Review: Blade of the Destroyer by Andy Peloquin

Blade of the Destroyer (August 21, 2015) is the first book in author Andy Peloquin’s dark fantasy series The Last Bucelarii, which is followed by the second book Lament of the Fallen (August 1, 2016) and the latest installment Gateway to the Past (March 31,2017).

This is what you might consider an epic journey of discovery set in a dark, violent world of malevolence…and the antagonists are just as vile. The author does not skimp on the bloody gore, but the macabre images never seem over the top and the violence always feels well sculpted to the action, somewhat necessary for such a dark setting. Add a raw dialect for a largely diverse cast of characters (so many that the names tend to get confusing at times), and this series promises to be an interesting mixture of fantasy and horror with a lot of possibilities.

The hero of the story is known as “The Hunter,” an assassin for hire guided by a demented blade who shows no discrimination in regards to target, as long as the rewarding purse meets his requirement. Well, that’s what the Hunter wants his suitors to believe, anyway. With such a complex character who shows many faces, both internally to himself as well many disguises to other characters, readers might get easily discouraged as his true identity always seems in question. But if you stick with it, you’ll eventually realize that the theme of this story is in fact the discovery of who and what this being really is.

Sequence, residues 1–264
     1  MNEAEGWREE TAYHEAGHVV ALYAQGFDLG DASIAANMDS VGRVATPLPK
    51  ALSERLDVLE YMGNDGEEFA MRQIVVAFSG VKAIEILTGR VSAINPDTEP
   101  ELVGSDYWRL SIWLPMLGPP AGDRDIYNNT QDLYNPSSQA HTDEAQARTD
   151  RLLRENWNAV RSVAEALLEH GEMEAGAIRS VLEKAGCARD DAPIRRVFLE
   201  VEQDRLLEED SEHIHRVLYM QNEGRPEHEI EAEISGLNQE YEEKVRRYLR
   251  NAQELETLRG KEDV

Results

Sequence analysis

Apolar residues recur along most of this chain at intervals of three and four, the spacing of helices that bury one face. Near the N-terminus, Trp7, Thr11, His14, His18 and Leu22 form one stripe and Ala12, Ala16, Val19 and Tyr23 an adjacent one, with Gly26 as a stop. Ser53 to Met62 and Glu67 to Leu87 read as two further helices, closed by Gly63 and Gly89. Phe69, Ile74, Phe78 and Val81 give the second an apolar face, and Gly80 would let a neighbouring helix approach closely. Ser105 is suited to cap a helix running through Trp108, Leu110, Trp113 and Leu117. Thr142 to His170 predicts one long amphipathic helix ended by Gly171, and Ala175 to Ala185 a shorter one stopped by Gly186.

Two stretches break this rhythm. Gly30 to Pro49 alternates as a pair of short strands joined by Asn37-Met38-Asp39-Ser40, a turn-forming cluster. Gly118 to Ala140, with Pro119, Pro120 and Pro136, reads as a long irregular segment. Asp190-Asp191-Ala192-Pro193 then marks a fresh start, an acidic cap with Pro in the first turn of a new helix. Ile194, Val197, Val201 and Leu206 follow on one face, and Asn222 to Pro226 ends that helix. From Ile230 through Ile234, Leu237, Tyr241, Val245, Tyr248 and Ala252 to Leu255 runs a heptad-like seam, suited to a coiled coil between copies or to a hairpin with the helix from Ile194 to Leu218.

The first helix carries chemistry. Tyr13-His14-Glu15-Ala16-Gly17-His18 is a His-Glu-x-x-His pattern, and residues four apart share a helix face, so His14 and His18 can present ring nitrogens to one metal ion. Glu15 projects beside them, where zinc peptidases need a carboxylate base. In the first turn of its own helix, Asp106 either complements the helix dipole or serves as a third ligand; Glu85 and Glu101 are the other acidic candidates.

Though deadly swift with a sword, the Hunter’s predominant blade is a demonic dagger called Soulhunger, an evil presence whose thirst for blood guides the assassin as he searches for victims. When Soulhunger prods the Hunter with its demented banter through a subliminal voice in his head, it would be easy to question the bearer’s sanity. This disturbing twist is yet another layer in the Hunter’s character development that seems to make the pages turn quicker.

Billed as a dark fantasy, this story is by no means a fairy tale adventure. There are magical elements that should please some readers looking for that mystic edge, but the overall theme is more of a supernatural mystery. With fresh religious undertones mixed with a complex plotline that draws on many of the key literary points of a hero’s journey, this series could also be categorized as a mythological adventure.

If you’re one who enjoys the story of a flawed hero, Blade of the Destroyer by Andy Peloquin certainly fits that bill.

Please take a moment to support Amazing Stories with a one-time or recurring donation via Patreon. We rely on donations to keep the site going, and we need your financial support to continue quality coverage of the science fiction, fantasy, and horror genres as well as supply free stories weekly for your reading pleasure.

Previous Article


Next Article

Book Review: Azanian Bridges by Nick Wood

You might be interested in …


Leave a Reply

This site uses Akismet to reduce spam. Learn how your comment data is processed.